The data speaks for itself.  The current HIV-prevention strategies are failing American teens and young adults because they are marred in an outdated model from the 1990s; it has demonstrated a diminishing effect on Generation Xers and younger.  According to the CDC, in 2006 young adults represented 4.4 percent, or approximately 48,400, of the 1.1 million people living with HIV infection.  Equally alarming is that nearly 50 percent of HIV-positive American teens and young adults don't know they are infected, which amounts to 9.9 percent – 23,000 youths – of the total 232,700 people living in the United States who are unaware of their status.[6] 
The CDC estimated by using data from the Youth Risk Behavior Survey that only 22 percent of sexually-active high school students got tested for HIV in 2007.  Yet, students who had learned in school about the human immunodeficiency virus were more likely to get tested for HIV.[7]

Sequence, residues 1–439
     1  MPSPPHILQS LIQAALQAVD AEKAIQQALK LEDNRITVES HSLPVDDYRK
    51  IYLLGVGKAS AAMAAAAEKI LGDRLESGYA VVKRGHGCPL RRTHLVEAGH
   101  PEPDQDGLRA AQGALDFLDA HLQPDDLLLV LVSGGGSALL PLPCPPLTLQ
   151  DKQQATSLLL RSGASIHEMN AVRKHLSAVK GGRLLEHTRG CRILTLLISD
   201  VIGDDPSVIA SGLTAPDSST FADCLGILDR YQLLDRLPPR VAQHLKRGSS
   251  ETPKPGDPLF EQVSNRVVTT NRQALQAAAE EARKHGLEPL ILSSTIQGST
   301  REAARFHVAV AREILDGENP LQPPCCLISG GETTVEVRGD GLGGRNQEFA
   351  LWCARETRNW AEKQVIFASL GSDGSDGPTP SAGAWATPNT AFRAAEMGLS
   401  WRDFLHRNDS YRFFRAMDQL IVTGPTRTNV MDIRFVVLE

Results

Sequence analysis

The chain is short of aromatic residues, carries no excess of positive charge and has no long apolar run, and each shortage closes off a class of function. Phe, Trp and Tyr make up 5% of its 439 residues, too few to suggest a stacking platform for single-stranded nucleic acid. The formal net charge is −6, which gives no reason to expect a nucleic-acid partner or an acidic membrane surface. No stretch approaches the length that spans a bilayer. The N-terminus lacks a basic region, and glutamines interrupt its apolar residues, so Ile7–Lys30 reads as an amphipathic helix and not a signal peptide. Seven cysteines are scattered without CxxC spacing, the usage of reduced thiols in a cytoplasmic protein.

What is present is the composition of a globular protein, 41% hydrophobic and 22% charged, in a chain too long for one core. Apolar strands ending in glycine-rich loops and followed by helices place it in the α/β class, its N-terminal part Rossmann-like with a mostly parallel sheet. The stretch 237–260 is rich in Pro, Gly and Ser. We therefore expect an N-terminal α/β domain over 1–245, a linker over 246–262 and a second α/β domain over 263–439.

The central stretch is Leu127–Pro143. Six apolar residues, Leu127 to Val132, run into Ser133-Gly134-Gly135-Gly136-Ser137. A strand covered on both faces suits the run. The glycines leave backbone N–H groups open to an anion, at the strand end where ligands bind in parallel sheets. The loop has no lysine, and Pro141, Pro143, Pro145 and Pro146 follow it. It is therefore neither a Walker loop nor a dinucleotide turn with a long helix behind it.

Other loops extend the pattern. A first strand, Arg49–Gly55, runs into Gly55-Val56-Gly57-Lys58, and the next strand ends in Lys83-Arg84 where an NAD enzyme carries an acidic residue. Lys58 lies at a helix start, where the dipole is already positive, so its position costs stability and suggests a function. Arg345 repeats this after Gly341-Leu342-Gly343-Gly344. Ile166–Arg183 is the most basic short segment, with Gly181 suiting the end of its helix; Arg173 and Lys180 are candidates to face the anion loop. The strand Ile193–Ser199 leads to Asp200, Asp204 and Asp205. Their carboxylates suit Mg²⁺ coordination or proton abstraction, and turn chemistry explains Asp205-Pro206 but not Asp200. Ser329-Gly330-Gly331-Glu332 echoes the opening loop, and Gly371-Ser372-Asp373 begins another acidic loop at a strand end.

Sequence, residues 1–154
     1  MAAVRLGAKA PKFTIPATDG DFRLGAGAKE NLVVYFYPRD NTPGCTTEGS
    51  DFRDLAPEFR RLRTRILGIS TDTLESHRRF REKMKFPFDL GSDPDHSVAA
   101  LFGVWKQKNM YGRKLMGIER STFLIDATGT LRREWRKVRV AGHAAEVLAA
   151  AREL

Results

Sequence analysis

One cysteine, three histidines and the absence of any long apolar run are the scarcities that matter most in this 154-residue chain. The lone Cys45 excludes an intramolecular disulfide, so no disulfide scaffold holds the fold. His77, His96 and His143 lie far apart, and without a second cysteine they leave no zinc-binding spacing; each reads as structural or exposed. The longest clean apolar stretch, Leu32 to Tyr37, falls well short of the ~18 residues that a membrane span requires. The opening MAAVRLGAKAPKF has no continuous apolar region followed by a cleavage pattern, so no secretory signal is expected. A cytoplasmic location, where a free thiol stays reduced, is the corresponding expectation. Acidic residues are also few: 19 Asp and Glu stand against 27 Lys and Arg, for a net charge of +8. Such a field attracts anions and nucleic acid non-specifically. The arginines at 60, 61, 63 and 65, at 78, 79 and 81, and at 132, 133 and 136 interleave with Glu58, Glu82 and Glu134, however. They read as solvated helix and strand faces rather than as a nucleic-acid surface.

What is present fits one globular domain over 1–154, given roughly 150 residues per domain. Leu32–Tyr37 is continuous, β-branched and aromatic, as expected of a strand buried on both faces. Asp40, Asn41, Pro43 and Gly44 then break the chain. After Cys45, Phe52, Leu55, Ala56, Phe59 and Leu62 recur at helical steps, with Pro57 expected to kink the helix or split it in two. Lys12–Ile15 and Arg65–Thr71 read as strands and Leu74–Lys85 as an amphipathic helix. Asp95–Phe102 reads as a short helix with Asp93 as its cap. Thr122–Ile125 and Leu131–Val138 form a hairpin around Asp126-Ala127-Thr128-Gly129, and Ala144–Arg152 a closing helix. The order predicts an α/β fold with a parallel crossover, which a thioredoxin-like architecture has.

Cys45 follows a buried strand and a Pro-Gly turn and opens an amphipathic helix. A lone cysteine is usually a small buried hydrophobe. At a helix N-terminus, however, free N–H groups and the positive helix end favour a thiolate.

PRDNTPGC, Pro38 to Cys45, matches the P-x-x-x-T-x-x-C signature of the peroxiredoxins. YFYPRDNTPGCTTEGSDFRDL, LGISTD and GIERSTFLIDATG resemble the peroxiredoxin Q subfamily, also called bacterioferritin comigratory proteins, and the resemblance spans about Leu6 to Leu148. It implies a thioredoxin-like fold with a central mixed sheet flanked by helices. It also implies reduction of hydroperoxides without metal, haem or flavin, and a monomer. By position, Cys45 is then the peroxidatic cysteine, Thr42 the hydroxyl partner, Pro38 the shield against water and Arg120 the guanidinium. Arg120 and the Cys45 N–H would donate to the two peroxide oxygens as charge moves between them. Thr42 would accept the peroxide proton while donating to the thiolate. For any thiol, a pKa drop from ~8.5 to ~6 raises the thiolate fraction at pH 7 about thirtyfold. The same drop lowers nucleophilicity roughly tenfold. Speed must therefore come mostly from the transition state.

The CDC recommends routine HIV screening for all people 13-64 years old to decrease the number of undiagnosed infections and the spread of new infections.  According to the CDC, “the adoption of voluntary HIV screening in health care settings will help health care workers identify persons with previously unrecognized HIV infection and link them to clinical and prevention services, and further reduces sexual and perinatal transmission of HIV in the United States.”[8]
It is not surprising that “Lack of Awareness” continues to be identified by the CDC, and others, is a leading causes of HIV infection among young people in the United States.[9]